In a campaign video released Thursday, independent U.S. Senate candidate Max Linn denounced what he said were threats aimed at getting him to quit the race.

Shortly before independent U.S. Senate candidate Max Linn announced last week that he would quit the race, he hung out with former state Republican Party Chairman Charlie Webster.

They ate some good Maine bass and they talked, as they’d been doing for a couple of weeks beforehand.

Webster said he thought he convinced the Bar Harbor businessman to get out of the race rather than risk hurting the reelection chances of four-term GOP incumbent U.S. Sen. Susan Collins.

Webster, a former state lawmaker from Farmington who served as minority leader of the state Senate, said he thought it was all going to work out when Linn declared a week ago that he would endorse Collins and leave the race.

Except Linn didn’t end his campaign after all, instead demanding Tuesday that Collins agree to five populist themes that everybody knows she won’t endorse.

A screen shot from a campaign video of one of the text messages that Charlie Webster, former state GOP chairman, sent to Max Linn this week.

Linn’s campaign is happy at the coverage he got for his ploy.


Webster said, though, that “people are laughing at him,” not contemplating whether to support him.

Despite the announcement, Webster didn’t give up trying to convince Linn to end his electoral bid. He said he kept talking to Linn and texting him, trying to convince him that staying in the contest would be a big mistake.

“I feel awful that you’re in this position,” he texted to Linn. “Don’t make it worse.”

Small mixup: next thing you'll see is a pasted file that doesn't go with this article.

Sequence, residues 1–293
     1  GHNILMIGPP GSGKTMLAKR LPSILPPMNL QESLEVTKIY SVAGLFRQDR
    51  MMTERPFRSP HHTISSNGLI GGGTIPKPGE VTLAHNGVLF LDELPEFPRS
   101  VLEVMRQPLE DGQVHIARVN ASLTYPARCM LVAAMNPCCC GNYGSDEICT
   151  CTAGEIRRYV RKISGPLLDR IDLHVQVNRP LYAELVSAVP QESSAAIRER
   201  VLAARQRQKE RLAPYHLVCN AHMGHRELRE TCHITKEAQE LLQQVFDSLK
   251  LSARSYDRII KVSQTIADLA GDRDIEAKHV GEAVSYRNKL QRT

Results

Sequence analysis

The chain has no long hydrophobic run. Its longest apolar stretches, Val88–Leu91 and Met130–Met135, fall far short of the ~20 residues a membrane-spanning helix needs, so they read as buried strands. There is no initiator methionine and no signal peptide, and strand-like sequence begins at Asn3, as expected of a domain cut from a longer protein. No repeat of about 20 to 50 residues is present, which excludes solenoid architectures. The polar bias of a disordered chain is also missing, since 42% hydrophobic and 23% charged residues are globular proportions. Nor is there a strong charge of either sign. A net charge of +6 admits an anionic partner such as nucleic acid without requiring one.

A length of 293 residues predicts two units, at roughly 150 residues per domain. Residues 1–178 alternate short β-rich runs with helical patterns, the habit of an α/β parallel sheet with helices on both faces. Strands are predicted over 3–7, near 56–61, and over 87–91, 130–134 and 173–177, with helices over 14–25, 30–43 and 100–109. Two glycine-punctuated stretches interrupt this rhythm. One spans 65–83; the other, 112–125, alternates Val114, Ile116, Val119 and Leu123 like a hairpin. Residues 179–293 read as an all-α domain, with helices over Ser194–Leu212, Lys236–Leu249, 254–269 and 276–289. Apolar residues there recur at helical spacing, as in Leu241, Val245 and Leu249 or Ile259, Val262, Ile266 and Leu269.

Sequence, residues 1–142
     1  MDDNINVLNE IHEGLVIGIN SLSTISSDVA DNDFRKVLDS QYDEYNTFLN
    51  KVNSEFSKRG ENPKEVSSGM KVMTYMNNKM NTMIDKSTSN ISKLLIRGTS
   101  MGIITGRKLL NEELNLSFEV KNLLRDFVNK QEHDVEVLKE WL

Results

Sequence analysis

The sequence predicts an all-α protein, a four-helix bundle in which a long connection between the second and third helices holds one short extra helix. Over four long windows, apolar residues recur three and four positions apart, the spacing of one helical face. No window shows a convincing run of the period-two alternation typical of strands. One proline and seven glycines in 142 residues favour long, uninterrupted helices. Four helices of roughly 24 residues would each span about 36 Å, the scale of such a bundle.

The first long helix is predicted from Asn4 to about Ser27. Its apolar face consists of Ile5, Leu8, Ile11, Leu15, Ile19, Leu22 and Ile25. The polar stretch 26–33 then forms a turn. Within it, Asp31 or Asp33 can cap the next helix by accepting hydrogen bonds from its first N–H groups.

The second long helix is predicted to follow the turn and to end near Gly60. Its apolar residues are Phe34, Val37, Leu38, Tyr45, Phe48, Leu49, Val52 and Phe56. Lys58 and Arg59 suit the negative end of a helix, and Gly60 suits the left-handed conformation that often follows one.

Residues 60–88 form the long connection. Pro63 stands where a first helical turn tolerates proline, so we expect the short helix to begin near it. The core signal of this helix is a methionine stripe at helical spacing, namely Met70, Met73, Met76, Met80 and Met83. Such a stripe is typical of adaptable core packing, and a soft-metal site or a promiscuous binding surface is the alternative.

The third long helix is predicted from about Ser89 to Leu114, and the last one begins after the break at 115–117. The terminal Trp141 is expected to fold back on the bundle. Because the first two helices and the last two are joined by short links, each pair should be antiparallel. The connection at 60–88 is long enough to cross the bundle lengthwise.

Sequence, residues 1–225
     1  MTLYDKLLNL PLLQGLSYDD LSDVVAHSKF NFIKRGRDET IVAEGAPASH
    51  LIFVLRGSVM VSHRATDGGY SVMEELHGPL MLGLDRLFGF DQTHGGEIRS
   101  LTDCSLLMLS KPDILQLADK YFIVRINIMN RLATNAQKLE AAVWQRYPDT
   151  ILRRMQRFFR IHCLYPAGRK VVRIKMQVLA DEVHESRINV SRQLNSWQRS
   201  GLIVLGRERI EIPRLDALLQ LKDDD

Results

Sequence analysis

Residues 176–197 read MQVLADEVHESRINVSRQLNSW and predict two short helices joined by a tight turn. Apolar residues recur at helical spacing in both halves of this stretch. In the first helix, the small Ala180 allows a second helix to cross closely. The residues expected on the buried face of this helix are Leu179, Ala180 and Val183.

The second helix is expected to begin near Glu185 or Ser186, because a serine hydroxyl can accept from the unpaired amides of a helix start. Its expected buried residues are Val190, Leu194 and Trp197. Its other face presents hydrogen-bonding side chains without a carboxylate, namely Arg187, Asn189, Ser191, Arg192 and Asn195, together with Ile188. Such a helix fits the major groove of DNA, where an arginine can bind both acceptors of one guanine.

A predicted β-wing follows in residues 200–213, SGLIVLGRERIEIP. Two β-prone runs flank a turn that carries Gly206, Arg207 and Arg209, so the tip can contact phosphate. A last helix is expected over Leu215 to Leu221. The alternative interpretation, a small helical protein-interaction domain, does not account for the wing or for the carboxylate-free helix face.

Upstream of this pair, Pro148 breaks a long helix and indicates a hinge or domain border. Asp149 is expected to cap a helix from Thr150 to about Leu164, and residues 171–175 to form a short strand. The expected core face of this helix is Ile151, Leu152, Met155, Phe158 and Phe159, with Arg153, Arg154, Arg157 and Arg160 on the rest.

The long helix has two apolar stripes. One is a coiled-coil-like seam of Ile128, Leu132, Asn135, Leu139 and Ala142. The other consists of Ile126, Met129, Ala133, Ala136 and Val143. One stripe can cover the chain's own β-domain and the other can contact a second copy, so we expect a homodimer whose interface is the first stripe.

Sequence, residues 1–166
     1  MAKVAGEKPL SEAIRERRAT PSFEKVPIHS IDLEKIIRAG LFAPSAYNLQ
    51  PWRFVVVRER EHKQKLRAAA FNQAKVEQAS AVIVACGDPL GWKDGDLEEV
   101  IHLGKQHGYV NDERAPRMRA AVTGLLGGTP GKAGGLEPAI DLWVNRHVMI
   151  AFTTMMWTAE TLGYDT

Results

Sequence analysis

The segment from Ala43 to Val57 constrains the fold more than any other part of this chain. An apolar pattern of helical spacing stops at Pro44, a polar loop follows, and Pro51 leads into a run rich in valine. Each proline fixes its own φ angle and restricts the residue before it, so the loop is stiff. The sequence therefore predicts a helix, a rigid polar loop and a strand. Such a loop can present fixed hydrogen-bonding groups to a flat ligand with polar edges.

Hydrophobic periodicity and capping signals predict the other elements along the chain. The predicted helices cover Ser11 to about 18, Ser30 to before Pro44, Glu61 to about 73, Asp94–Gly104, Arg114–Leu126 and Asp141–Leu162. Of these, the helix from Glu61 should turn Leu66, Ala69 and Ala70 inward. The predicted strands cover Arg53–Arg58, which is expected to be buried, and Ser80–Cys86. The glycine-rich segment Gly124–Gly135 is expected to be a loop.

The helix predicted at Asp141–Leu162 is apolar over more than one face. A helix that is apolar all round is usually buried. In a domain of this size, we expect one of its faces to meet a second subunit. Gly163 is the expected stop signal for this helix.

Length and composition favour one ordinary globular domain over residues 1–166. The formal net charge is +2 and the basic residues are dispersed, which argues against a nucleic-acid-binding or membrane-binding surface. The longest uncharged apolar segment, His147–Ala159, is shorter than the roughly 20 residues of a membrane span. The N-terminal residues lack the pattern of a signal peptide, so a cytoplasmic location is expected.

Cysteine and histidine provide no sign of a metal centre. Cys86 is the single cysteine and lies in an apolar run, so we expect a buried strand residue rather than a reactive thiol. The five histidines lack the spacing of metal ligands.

“Your options are limited,” Webster wrote. “You run, get destroyed based on something you’ve said or done, spend hundreds of thousands more, lose badly and are shortly forgotten.”

“You announce and the [Republican National Committee] and other Republican groups will destroy you,” he texted to Linn. “Trust me, you will go through living hell. I honestly feel bad at this point for you and your family.”

It would be better, he said, for Linn to withdraw and back Collins.


Webster said Thursday he never attacked Linn or had any intention of hurting him. He said he considered it a friendly warning, not a threat.

Webster, who erased his own copies of the texts he and Linn exchanged Wednesday, said Linn “hates Sara Gideon,” the Democratic candidate from Freeport, and doesn’t really know Collins.

But Linn, who is one of two independents certified for the Nov. 3 general election ballot, said in a video released late Thursday that if Collins wants him out, “all she has to do is agree to my five conditions” by Monday.

“What in the heck is Susan Collins so afraid of?” Linn asked as he scrolled through Webster’s text message during the video his campaign released. “I just don’t get what these attacks are about.”

Webster said he didn’t attack Linn. In fact, he said, he likes the guy.

What he did was warn Linn that others were bound to make an issue of his failure to file a campaign finance disclosure form with the Federal Election Commission and no doubt make an issue of other stuff.


Linn’s campaign called Webster “an operative linked to the Collins campaign.”

Webster is a Collins ally, he readily admits. He said he has long admired her strength and her stances on most issues.

But, he said, when it comes to politics now, he just does what he wants, from helping congressional candidate Dale Crafts to promoting Collins.

Webster said he turned down an offer months ago to serve as Linn’s campaign manager for $75,000.

“I’m not for sale,” he said. “I don’t do that.”

Webster pointed a finger at Matt McDonald, Linn’s unpaid senior strategist, as the one who’s likely got the candidate off track.

In one text, Webster told Linn that McDonald doesn’t care “if you are destroyed and look like a raving maniac.”

Linn, Collins, Gideon and independent Lisa Savage are vying in one of the nation’s hottest Senate races in a ranked-choice election whose outcome could potentially decide control of the Senate next year.

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